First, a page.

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J Immunol. 2017 Nov 15;199(10):3700-3710. doi: 10.4049/jimmunol.1700380. Epub 2017 Oct 18.

T Cell-Derived CD70 Delivers an Immune Checkpoint Function in Inflammatory T Cell Responses.

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Department of Immunology, Roswell Park Cancer Institute, Buffalo, NY 14263.
Department of Pathology, Roswell Park Cancer Institute, Buffalo, NY 14263; and.
Department of Medicine, Roswell Park Cancer Institute, Buffalo, NY 14263.
Department of Immunology, Roswell Park Cancer Institute, Buffalo, NY 14263;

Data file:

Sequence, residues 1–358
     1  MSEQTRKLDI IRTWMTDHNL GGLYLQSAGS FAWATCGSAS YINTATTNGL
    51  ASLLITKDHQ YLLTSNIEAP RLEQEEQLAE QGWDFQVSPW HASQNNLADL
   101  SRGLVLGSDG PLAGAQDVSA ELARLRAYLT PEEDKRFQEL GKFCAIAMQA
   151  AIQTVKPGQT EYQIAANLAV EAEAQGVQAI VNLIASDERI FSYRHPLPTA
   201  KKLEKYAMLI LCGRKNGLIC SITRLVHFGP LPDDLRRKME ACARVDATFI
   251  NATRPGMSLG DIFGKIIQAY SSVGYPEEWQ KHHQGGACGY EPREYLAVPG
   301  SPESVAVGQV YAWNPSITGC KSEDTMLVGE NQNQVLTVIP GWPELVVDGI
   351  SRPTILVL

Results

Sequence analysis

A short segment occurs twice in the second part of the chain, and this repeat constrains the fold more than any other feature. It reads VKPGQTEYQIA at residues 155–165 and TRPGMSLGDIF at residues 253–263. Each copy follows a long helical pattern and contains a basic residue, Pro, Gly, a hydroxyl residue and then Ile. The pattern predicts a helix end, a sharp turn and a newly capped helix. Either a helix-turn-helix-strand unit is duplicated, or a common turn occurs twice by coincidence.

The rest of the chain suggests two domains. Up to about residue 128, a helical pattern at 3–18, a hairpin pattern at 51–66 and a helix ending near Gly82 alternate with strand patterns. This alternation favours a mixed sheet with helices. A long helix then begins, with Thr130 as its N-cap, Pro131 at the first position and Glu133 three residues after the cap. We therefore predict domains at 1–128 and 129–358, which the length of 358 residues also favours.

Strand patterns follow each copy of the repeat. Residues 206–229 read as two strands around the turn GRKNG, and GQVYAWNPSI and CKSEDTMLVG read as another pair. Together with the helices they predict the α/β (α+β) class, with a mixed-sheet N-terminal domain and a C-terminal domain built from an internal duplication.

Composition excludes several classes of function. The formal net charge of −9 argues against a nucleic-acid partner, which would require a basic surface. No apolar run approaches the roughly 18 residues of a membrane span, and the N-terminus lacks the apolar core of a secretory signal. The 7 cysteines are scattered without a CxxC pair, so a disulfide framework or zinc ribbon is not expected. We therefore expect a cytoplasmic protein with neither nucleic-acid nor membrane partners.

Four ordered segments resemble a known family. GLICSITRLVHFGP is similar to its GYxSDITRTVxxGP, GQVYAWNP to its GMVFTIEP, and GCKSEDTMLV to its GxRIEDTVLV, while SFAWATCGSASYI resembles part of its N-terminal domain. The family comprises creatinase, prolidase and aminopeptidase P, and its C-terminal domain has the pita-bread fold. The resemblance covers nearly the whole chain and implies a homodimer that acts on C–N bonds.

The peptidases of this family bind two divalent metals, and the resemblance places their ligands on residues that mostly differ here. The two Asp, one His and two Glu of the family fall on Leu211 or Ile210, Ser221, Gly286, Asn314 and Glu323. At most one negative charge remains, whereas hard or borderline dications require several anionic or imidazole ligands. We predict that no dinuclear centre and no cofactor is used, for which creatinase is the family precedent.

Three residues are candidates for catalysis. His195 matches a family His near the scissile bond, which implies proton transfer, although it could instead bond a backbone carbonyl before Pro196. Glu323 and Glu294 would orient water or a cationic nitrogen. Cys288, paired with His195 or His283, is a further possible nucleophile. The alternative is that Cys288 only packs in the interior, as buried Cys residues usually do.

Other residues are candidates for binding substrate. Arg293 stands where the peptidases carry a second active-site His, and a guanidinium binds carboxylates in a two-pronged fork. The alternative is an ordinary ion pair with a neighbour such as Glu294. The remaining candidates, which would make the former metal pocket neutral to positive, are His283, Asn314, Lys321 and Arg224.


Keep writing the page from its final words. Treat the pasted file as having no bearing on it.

The CD27-CD70 pathway is known to provide a costimulatory signal, with CD70 expressed on APCs and CD27 functions on T cells. Although CD70 is also expressed on activated T cells, it remains unclear how T cell-derived CD70 affects T cell function. Therefore, we have assessed the role of T cell-derived CD70 using adoptive-transfer models, including autoimmune inflammatory bowel disease and allogeneic graft-versus-host disease. Surprisingly, compared with wild-type T cells, CD70-/- T cells caused more severe inflammatory bowel disease and graft-versus-host disease and produced higher levels of inflammatory cytokines. Mechanistic analyses reveal that IFN-γ induces CD70 expression in T cells, and CD70 limits T cell expansion via a regulatory T cell-independent mechanism that involves caspase-dependent T cell apoptosis and upregulation of inhibitory immune checkpoint molecules. Notably, T cell-intrinsic CD70 signaling contributes, as least in part, to the inhibitory checkpoint function. Overall, our findings demonstrate for the first time, to our knowledge, that T cell-derived CD70 plays a novel immune checkpoint role in inhibiting inflammatory T cell responses. This study suggests that T cell-derived CD70 performs a critical negative feedback function to downregulate inflammatory T cell responses.

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